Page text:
Cheerleaders Gone Wild

Jan. 4, 2007 — -- At a high school in McKinney, Texas, officials say a group of five cheerleaders recently got out of control.

Dubbed the "Fab Five," they acted like they could get away with almost anything and refused to bend to authority. They repeatedly skipped class, insulted their instructors, and terrorized their coach, their fourth coach in just one year.

The Fab Five even posted sexually suggestive pictures of themselves on MySpace, but that still wasn't enough for the school to take their pompoms away.

In an exclusive interview with "Good Morning America," Michaela Ward, the coach that the Fab Five drove out, said the girls were beyond discipline.

"Unfortunately these girls were given power that any teenager would have completely abused. They were untouchable. They were invincible. The rules did not apply to them," Ward said. "There was no accountability. They knew that I had absolutely no power to discipline."

The school finally took action. Now, two questions are being asked: What took so long? And who is to blame?

Principal Accused of Letting the Girls Go Wild

Some are pointing fingers at the mother of the clique's ringleader, who was also the school's principal.

"This culture developed where the principal's daughter and her friends were above consequences," said attorney Harold Jones, who was hired by the school district to look into complaints about the cheerleaders.

In his report, Jones found the girls' influence at their high school was pervasive. There seemed to be no limits to their shenanigans.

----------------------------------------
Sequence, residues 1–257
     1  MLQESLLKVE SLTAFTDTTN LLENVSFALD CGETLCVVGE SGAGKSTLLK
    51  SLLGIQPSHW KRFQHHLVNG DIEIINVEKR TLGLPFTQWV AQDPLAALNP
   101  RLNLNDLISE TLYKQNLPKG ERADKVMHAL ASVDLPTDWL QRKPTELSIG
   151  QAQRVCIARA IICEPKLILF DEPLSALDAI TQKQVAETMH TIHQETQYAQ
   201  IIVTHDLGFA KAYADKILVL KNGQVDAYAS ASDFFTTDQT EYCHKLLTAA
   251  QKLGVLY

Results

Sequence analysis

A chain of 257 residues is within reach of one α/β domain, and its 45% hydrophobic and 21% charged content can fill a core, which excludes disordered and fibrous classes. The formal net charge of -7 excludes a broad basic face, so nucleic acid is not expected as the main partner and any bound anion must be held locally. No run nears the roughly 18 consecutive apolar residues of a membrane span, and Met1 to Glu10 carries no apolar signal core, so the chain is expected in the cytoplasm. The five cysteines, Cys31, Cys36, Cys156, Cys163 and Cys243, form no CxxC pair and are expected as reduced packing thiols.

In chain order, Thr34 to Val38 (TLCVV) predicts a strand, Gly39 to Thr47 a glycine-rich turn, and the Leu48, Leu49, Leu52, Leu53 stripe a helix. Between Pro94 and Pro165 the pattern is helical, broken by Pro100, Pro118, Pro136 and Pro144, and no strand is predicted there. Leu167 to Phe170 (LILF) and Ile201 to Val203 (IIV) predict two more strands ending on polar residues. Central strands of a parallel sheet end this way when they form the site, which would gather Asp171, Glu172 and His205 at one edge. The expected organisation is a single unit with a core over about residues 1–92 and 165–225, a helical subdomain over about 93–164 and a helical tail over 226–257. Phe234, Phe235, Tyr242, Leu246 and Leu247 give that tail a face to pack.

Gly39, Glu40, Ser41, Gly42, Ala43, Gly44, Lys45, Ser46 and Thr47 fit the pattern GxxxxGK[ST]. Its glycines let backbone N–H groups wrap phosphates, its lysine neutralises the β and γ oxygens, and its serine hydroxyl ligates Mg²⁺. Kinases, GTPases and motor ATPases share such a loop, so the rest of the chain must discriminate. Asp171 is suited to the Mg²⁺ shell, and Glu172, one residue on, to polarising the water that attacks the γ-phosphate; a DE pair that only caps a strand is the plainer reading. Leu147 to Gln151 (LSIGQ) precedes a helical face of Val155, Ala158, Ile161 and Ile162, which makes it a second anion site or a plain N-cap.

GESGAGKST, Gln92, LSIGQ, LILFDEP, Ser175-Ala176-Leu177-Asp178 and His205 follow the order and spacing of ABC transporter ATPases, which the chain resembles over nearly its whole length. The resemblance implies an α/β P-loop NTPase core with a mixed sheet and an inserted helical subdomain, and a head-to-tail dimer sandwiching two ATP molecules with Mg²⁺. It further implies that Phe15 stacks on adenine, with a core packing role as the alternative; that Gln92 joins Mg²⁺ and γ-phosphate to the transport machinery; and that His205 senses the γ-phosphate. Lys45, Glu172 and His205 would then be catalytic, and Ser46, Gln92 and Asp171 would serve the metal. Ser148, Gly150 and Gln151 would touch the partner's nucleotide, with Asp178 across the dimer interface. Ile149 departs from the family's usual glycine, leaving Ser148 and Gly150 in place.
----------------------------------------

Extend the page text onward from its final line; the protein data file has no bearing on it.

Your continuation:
"They took my cell phone and sent dirty text messages to my husband and to another coach," Ward said.

Though Ward was the cheerleading coach, she felt incapable of disciplining the girls.

"Everything I did, I was undermined by the principal and the administration. I was never kept in the loop," she said.

"Right after some risque photos are placed on MySpace in their cheerleader uniforms and they're on probation, it takes a whole week to decide that they won't be kicked off the squad," Jones said.

In December, the principal resigned as part of a settlement in which she received $75,000 and a letter of recommendation for her next job. The former principal's attorney says she denies shielding her daughter from punishment.

But Jones says it wasn't just the principal who was at fault, but an entire school administration and parents who didn't enforce the rules are to blame.

"Kids are going to be kids. They're going to figure out ways to push your limits," Jones said. "Adults have to be adults."

How to Prevent Girls from Becoming 'Mean Girls'

Rosalind Wiseman, an educator on teens and parenting, and author of the book "Queen Bees and Wannabee's," sees the Texas cheerleading debacle as part of a wider problem with kids and power.

"This is about kids having more power than adults, and them getting away with things no matter how old they are," she said.

Wiseman said that if parents wanted to prevent their kids from running amok, they couldn't be afraid to punish them.

"Some parents today feel that their No. 1 job is to protect their child, and it's not," she said. "Their job is to raise an ethical child, which means holding them accountable for bad behavior."

When it comes to conflicts in school, Wiseman said parents should steer clear of direct involvement, if possible.

"Parents should only get involved if their child is being humiliated or ridiculed. But if it's a content issue, meaning a grade or a performance in sports or something else, you need to work with your child to articulate what the problem is and to speak to the coach or the teacher themselves," she said. "You should not do the talking for your child. Let your kid work it out when it comes to grades and playing time."

Being comfortable talking to people in positions of power can be a valuable skill, one that parents can teach kids early.

"If your child learns to speak to people in a position of power about something they feel is not right and to articulate how they feel about it, you are teaching your child a very powerful life lesson," Wiseman said.